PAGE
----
Vertebral fractures can be caused by direct or indirect trauma and are more likely to occur in patients with decreased bone density (osteoporosis, osseous metastases). Fractures may be stable or, if there is a risk of damage to the spinal cord, unstable. Diagnosis involves a detailed neurological exam and imaging (x-ray, CT, etc). Stable fractures can be treated conservatively with analgesics and physical therapy. Unstable fractures require surgical intervention such as spinal fusion (spondylodesis), which joins vertebrae through internal fixation. Due to the close proximity to essential anatomical structures (spinal cord, blood vessels), the vertebral fractures and their surgical treatment can cause serious complications.
- Common in elderly women (osteoporotic fractures) and young men (traumatic injuries)
- Location: ∼ 50% in the cervical spine and ∼ 50% in the thoracic, lumbar, and sacral spine
Epidemiological data refers to the US, unless otherwise specified.
- Trauma (e.g., car accidents, falls, gunshot wounds)
- Pathological fractures
- Stable vertebral fracture
- Unstable vertebral fracture
Vertebral compression fracture (most common type)
- (most common cause) or , e.g., due to
- Clinical features
- Usually stable
- Often asymptomatic, but may cause acute back pain and point tenderness
- Long-term findings after multiple vertebral compression fractures
- Wedge fracture: characterized by a loss of height, predominantly of the anterior part of the vertebral body, which results in a wedge-shaped vertebra
- Vertebra plana: advanced compression fracture with a loss of height of the entire vertebral body, both anteriorly and posteriorly
- Codfish vertebra: characterized by loss of height of the central part of the vertebral body, resulting in a biconcave vertebral body
Burst fracture: fracture of the vertebra in multiple locations
- Result of compression trauma with severe axial loading
- Possible displacement of bone fragments into the spinal canal
- Fracture-dislocation: fractured vertebra and disrupted ligaments; instability may cause spinal cord compression
- Local pain on pressure, percussion, and compression
- Palpable unevenness or disruption of the vertebral process alignment
- Paravertebral hematoma
- Weakness or numbness/tingling
- Neurogenic shock
- Strong ventral compression with structural kyphosis
- Depending on complications and any accompanying injuries, further symptoms, potentially as severe as paralysis, are possible.
Subtypes and variants
- Definition: fracture of the atlas (first cervical vertebra)
- Treatment: immobilization for stable fractures; surgery for dislocations
- Definition: fracture of the dens axis (second cervical vertebral body)
- Epidemiology: 10–15% of all cervical fractures
Specific forms: hangman's fracture
- Definition: bilateral fracture of the axis arch
- Etiology: trauma with hyperextension and distraction (e.g., car accident)
- Diagnostics: x-ray of the spinal cord to discern an atlantoaxial dislocation , CT, or MRI
- Treatment: immobilization for stable fractures, surgery for dislocations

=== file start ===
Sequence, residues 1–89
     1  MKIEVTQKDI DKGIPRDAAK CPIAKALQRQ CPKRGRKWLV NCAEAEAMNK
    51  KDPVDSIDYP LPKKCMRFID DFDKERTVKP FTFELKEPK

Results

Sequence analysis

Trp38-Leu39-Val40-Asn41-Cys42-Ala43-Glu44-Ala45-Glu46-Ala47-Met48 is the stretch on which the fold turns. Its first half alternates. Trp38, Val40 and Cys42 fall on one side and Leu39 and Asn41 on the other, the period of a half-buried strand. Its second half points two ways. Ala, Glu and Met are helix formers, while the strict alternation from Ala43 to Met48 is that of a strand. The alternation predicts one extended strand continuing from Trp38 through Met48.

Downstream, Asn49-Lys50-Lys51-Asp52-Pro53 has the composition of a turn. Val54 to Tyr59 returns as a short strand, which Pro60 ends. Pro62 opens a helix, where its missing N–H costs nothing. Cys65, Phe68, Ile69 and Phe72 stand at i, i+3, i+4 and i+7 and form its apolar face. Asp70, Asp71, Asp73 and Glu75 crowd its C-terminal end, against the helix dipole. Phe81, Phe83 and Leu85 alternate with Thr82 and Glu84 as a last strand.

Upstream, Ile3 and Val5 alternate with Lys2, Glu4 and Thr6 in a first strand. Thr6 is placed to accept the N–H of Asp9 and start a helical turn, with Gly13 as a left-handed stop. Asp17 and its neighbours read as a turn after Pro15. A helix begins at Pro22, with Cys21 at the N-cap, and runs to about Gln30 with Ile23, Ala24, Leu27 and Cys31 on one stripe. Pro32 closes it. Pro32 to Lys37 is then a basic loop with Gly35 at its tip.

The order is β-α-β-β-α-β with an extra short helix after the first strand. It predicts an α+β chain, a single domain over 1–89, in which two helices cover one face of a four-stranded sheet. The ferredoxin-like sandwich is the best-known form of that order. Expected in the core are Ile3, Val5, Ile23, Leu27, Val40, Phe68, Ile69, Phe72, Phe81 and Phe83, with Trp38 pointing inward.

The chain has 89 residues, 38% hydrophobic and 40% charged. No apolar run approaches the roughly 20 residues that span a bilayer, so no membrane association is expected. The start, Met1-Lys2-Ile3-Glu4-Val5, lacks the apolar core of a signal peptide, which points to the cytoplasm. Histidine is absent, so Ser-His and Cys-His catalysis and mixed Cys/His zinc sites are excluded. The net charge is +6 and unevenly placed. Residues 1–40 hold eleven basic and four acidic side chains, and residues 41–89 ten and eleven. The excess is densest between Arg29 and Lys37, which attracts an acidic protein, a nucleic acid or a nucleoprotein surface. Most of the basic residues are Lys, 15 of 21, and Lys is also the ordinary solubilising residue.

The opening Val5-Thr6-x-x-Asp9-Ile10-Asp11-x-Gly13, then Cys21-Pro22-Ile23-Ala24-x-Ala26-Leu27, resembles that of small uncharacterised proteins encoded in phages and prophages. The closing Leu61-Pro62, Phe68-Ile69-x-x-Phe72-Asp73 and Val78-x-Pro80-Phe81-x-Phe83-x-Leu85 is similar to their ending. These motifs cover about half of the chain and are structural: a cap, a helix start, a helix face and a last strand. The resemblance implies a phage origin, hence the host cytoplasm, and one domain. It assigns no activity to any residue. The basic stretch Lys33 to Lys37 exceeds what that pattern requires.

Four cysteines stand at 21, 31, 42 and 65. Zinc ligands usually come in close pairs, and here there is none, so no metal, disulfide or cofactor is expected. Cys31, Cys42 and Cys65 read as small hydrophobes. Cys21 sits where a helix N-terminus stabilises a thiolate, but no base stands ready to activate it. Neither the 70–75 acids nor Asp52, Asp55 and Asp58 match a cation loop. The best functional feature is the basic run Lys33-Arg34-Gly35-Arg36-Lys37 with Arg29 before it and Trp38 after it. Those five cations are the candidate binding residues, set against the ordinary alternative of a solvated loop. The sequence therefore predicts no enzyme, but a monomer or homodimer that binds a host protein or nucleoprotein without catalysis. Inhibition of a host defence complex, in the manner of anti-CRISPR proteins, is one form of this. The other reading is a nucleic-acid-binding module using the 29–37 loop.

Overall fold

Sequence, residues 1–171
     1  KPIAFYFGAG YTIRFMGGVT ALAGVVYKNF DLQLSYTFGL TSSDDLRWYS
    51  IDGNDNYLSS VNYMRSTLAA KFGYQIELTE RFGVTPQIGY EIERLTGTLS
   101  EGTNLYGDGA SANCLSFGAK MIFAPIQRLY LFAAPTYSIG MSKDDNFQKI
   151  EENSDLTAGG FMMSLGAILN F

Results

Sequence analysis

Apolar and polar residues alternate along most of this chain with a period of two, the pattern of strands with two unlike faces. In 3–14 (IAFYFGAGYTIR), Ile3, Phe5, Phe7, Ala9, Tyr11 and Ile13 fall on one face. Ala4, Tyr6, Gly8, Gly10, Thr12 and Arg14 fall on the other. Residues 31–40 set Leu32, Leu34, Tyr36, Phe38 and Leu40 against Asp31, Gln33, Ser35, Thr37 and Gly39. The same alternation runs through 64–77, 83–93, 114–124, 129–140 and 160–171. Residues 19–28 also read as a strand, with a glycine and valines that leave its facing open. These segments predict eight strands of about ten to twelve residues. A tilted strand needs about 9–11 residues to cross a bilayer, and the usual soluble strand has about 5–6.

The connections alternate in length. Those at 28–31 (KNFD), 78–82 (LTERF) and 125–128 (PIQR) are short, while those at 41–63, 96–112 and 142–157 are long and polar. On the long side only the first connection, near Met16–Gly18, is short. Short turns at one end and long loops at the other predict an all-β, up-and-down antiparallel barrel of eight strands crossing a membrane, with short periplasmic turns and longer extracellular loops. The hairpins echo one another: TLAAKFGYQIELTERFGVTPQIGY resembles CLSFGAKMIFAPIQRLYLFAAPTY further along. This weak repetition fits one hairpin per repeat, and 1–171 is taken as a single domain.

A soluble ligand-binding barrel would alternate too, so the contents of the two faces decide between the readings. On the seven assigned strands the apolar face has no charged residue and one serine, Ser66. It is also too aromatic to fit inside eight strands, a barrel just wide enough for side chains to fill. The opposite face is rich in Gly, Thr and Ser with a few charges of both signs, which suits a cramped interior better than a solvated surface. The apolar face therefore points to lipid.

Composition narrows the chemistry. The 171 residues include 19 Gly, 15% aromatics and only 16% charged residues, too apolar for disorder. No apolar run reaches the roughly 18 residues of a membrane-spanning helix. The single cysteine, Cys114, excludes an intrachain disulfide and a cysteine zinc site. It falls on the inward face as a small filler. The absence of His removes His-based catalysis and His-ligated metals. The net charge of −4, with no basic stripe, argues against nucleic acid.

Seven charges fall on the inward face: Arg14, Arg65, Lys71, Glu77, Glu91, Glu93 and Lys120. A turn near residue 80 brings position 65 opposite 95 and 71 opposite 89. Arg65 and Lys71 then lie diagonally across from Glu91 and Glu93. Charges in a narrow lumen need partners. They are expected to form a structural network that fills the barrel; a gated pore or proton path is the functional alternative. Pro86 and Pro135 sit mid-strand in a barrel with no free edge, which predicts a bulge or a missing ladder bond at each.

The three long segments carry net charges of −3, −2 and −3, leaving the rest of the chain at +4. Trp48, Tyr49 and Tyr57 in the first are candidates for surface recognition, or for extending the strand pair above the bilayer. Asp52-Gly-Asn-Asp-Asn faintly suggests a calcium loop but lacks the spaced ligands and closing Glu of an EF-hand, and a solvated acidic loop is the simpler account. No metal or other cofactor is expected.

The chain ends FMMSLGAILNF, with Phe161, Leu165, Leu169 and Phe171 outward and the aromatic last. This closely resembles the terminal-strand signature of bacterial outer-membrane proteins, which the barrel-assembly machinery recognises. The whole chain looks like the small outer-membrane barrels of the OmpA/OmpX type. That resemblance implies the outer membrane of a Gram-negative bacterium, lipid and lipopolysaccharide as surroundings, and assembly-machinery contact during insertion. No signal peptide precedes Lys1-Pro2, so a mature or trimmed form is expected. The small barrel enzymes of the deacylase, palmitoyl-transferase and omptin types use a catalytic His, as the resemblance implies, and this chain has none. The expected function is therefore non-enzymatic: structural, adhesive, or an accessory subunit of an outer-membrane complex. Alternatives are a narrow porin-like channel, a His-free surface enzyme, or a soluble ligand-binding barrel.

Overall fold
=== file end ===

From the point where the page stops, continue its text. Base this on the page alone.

|Anderson and D'Alonzo dens fracture classification |
|Type I||Oblique fracture through the cranial part of the dens (rare)||Stable|
|Type II||Fracture at the base of the dens (most common)||Frequently unstable|
|Type III||Dens fracture and affected corpus axis||Unstable|
- Detailed neurologic exam (cranial nerves, motor and sensory components, coordination, and reflexes)
- Rectal exam to assess sphincter activation
- In trauma scenarios, a secondary survey to assess for associated injuries should be done.
Anterior-posterior and lateral x-ray
- Discontinued cortex, bone fragments
- Loss of height in the vertebral bodies
- CT: The axial image in particular helps localize the fracture and allows for an assessment of (posterior edge) stability.
- MRI: most sensitive tool for detecting spinal cord lesions
Do not delay urgent interventions (e.g., intubation, fluid resuscitation) in favor of imaging in patients with suspected injury to the spine who are unconscious and/or show signs of hemodynamic or respiratory compromise.
Cervical spine distortion (whiplash injury)
- Etiology: often seen after car accidents due to abrupt flexion/extension movement of the neck
- Headache, neck ache, and/or pain radiating into the back of the head, the shoulders, or the arms
- Pain-based reduction in neck range of motion and palpable muscle tension of the shoulders and neck, as well as arm and hand paresthesia
- General symptoms such as dizziness, nausea, fatigue, insomnia, tinnitus, and problems with concentration
The differential diagnoses listed here are not exhaustive.
- Rescue from the field when there is concern for vertebral fractures.
- Orotracheal intubation with rapid-sequence intubation is preferred for establishing an airway in an apneic patient with a cervical spine injury.
- Indication: stable fractures
- Pain medication
- Physical therapy
- External bracing and orthotics to maintain spinal alignment, promote healing, and control pain through immobilization for about 8–12 weeks (e.g., rigid collar in cervical fracture, cervical-thoracic brace for thoracic fractures, and thoracolumbar-sacral orthosis for lower back fractures)
Minimally invasive procedures
- Indication: stable vertebral compression fractures with progressive pain or kyphosis despite conservative treatment
- Spinal cord injury
- Vessel injury: dissection or thrombotic blockage of the vertebral artery
- Posttraumatic deformation of the spine: loss of height, scoliosis, or kyphosis
We list the most important complications. The selection is not exhaustive.